NICE Guidelines

NICE Guideline (2019) [15] recommends that:

Offer aspirin (300 mg daily), unless contraindicated, to people who have had a suspected TIA, to be started immediately.

Give a proton-pump inhibitor to anyone with dyspepsia associated with aspirin use.

Give clopidogrel as an alternative to aspirin in patients who are allergic or intolerant to aspirin. This is standard practice.

Refer immediately people who have had a suspected TIA for specialist assessment and investigation, to be seen within 24 hours of onset of symptoms.

Do not use scoring systems, such as ABCD2, to assess risk of subsequent stroke or to inform urgency of referral for people who have had a suspected or confirmed TIA. (Evidence showed that risk prediction scores (ABCD2 and ABCD3) used in isolation are poor at discriminating low and high risk of stroke after TIA. Adding imaging of the brain and carotid arteries to the risk scores (as is done in the ABCD2‑I and ABCD3‑I tools) modestly improves discrimination. However, appropriate imaging (including MRI) is not available in general practice or for paramedics, 2 of the key situations when these tools would be used. Arranging specialist assessment less urgently for some people based on a tool with poor discriminative ability for stroke risk has the potential for harm. Therefore, the committee agreed that risk scores should not be used.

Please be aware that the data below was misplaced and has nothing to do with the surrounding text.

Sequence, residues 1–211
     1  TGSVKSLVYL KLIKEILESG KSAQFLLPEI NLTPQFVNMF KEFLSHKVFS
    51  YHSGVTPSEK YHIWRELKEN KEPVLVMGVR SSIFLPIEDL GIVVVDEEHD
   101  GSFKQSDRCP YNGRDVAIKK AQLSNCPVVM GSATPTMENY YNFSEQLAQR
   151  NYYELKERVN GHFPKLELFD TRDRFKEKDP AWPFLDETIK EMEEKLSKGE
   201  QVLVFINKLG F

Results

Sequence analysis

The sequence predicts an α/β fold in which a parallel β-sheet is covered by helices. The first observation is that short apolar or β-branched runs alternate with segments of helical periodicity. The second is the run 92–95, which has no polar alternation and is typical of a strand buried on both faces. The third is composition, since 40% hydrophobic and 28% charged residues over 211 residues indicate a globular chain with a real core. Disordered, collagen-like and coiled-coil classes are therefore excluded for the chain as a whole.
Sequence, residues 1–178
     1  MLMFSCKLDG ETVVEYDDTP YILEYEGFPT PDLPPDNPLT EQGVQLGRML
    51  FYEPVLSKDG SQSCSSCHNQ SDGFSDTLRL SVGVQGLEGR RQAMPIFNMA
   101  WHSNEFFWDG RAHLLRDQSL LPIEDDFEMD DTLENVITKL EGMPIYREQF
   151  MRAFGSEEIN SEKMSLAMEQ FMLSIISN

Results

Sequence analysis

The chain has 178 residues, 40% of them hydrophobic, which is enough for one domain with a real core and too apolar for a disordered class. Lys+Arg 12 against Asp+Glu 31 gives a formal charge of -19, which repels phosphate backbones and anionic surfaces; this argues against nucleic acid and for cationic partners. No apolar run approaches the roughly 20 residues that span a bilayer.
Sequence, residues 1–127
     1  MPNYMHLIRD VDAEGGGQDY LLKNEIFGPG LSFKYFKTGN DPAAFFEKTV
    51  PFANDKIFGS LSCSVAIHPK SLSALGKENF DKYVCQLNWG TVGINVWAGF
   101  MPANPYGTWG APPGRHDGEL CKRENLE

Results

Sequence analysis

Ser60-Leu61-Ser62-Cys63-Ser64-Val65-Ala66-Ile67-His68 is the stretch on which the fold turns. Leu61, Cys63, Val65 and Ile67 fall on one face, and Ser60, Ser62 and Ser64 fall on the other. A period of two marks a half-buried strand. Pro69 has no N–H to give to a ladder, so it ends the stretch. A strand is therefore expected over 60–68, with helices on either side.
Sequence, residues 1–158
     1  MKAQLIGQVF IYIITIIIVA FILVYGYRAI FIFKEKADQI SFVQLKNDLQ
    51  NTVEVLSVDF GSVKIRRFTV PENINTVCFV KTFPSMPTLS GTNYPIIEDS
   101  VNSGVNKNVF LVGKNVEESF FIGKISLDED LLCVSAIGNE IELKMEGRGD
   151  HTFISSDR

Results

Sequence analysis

The committee agreed, based on their clinical experience and the limited predictive performance of risk scores, that all cases of suspected TIA should be considered as potentially high risk for stroke. Also, because there is no reliable diagnostic test for TIA (the risk stratification tools are not diagnostic tests), it is important to urgently confirm or refute the diagnosis of a suspected TIA with specialist opinion. This is particularly so because in practice, a significant proportion of suspected TIA (30% to 50%) will have an alternative diagnosis (that is, TIA-mimic). Therefore, it was agreed that everyone who has had a suspected TIA should have specialist assessment and investigation within 24 hours of the onset of symptoms. The committee noted the results of an original cost–utility analysis, which was undertaken for this review question in the 2008 version of the stroke guideline (CG68). The analysis concluded that ‘immediate assessment’ had both better health outcomes and lower costs than ‘assessment within a week’ for the entire population of suspected TIA, without the use of a risk stratification tool.

The committee acknowledged that having a TIA (or suspected TIA) is a worrying time and most people would prefer to be assessed as soon as possible. Urgent specialist assessment should ensure that people at high risk of stroke are identified early. This would allow preventative treatment to begin, which should be introduced as soon as the diagnosis of TIA is confirmed.)

Offer secondary prevention, in addition to aspirin, as soon as possible after the diagnosis of TIA is confirmed.[15]